States that participated in the Medicaid expansion provision of the Affordable Care Act saw significant decreases in the number of uninsured patients seeking care and the amount of charity care given by hospitals in the first quarter of 2014, according to a new study by the Colorado Hospital Association.
The CHA analyzed data from more than two dozen states, including both those that did and did not opt to expand Medicaid, and found those that had expanded Medicaid saw a 30% drop in average charity care per hospital, from $2.8 million in the first quarter of 2013 to $1.9 million in the first quarter of 2014. In the states where Medicaid has not been expanded, by comparison saw relatively no change, with $3.8 million average charity care in the first quarter of 2013 and $4.2 million in the first quarter of 2014.
Similarly, Medicaid charges went up 29% in states that expanded Medicaid, while they remained the same in non-expansion states.
Those changes for charity care and other charges in Medicaid expansion states indicate most new Medicaid enrollees were uninsured prior to expansion, accomplishing one of the key goals of the Affordable Care Act.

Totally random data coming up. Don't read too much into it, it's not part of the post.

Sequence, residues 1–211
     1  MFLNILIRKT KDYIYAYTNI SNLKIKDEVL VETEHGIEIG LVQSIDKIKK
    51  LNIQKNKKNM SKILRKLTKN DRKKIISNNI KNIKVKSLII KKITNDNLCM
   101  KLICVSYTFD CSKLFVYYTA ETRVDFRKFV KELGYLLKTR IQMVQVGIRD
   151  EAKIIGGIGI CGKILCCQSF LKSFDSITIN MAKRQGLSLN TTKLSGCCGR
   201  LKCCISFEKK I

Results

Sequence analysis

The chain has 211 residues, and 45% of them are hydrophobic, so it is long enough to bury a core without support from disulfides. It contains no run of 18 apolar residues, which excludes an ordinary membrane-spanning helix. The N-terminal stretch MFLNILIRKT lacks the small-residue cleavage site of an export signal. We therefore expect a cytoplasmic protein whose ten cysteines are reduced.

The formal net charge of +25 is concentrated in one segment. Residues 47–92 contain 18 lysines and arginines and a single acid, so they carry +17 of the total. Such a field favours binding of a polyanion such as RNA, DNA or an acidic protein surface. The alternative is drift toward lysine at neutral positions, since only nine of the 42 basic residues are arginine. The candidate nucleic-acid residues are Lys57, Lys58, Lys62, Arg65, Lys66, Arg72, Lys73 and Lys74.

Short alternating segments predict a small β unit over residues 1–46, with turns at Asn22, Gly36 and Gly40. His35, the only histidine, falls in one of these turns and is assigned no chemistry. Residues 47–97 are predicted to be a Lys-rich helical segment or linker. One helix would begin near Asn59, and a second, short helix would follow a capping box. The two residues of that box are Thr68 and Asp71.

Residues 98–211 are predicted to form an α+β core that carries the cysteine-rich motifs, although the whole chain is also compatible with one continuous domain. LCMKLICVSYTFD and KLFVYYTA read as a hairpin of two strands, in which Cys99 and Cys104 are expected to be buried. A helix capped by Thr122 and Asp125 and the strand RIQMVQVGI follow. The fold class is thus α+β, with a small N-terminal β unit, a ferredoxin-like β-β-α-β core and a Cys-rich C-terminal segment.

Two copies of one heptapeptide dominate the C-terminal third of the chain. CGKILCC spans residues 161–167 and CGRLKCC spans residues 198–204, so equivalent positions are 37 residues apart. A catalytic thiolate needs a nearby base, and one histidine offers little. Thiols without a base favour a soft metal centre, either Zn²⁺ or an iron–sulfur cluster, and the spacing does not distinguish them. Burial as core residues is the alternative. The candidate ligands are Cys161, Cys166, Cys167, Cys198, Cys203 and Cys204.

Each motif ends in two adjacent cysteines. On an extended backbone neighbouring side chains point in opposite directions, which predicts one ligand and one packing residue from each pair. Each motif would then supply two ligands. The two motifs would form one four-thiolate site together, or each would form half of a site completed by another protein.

According to the Kaiser Family Foundation, nearly 5 million Americans who live in states avoiding expansion could be eligible for care under the program if those states were to change course. In Virginia, Democratic Gov. Terry McAuliffe may be exploring the option of going around the state legislature and expanding the program by executive order to enroll another 400,000 low-income Virginians in Medicaid, according to the Washington Post.
In Alabama, protesters took to the state capitol this weekend to present Republican Gov. Robert Bentley with more than 10,000 petitions they’d collected from Alabamans calling for him to expand Medicaid. Hospital officials in the state this week have complained two local hospitals in the Jacksonville area have already lost $1.2 million in revenue this year and will likely lose more next year because the state hasn’t expanded Medicaid.